I accidentally travelled to Paris one March weekend, only to discover that in addition to the buzz and bravura of another frivolous fashion week prevailing the city the attendance of which I (despite my rigorous attempts) failed to escape, there was an opening event of BMA (Brand Management Agency) showroom in the upbeat Le Marais district one Friday night. Further to my amusement, two dynamic Estonian brands had already been picked up by the new agency! Sustainable, yet immaculately classy Studio August, bringing together GOTS-certified fabrics and blissfully harmonious, symmetrical lines, among them. So, I sat there (with a glass of Savignon Blanc in one hand), carefully caressing and admiring these elegant Nordic designs from Studio August's new mindfully-crafted collection, communicating the very essence of 'Parisian chic'. The pieces that had travelled all the way from Nordic Estonia to our favourite fashion capital, of course. That encounter passionately fueled my genuine interest in Estonian sustainable fashion, let alone, I immediately yearned for an inspiring one-to-one with the head designer, Äli Kargoja, to keep myself on the pulse of the diligent and humble, yet rapidly evolving and incredibly sought-after Nordic sustainable fashion scene.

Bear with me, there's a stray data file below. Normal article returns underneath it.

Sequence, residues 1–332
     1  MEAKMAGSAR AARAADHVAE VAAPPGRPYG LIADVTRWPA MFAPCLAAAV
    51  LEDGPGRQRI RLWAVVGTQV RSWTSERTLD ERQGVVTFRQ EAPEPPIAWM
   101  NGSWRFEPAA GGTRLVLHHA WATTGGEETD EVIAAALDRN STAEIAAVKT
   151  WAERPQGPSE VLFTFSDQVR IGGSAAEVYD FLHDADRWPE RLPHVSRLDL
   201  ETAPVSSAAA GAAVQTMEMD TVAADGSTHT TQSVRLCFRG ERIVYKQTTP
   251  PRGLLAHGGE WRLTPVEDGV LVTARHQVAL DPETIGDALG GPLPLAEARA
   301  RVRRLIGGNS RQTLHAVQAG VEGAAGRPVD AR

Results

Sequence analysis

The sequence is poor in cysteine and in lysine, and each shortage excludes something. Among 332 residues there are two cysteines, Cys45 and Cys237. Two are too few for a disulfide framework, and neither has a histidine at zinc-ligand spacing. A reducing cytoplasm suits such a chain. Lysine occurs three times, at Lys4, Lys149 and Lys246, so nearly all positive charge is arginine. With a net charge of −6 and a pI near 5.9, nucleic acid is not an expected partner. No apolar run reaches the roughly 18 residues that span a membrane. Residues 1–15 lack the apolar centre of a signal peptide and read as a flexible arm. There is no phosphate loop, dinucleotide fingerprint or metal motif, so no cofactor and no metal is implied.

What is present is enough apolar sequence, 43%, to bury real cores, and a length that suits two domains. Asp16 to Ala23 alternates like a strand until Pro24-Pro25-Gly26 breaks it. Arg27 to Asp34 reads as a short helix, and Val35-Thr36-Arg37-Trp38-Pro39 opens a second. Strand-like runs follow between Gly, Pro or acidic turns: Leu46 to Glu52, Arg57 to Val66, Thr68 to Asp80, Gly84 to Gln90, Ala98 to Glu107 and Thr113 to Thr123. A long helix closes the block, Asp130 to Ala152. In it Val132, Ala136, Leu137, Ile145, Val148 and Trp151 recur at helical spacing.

How did your journey of becoming a designer take shape?
This journey was a rather natural one for me, I knew for a long time what I wanted and everything I did was shaped towards this vision – creating my own line of clothes. My first experience in the industry started as a model, doing shows, showrooms, photo shoots, fittings etc. I had the opportunity to move to Paris and I didn’t hesitate even once on wanting to study there. I enrolled in Studio Bercot fashion school, and these were the most important years of me becoming a designer. My creativity bloomed incredibly during these 3 years. To this day, I am very grateful to my teachers for all their work and support. Life then took me under the talented hand of Nicolas Andreas Taralis and from there to an internship in sales team at Maison Martin Margiela. I designed my first collection for August in 2014.
What were the main cornerstones August was based on? What was the main outlook for you since its inception?
The main outlook was firstly rather selfish - to express myself creatively and do what I love. As an admirer of minimal aesthetic, I definitely saw lack of that style in my home country. That’s one of the many reasons I decided to base myself here [in Estonia] in the beginning. Another reason was lack of mindfully made sustainable clothing lines in the world in general, to this day.
Also, sustainable fashion is clearly something quite novel in the Estonian market. How did you find your way to sustainable fashion?
I find that it’s a strong value for a clothing brand, definitely something to stand out with. It's also good to have a more meaningful mission, rather than just starting another clothing label – to give people the choice to consume consciously.
Who is the woman August is meant for? Wrap it up in a sentence.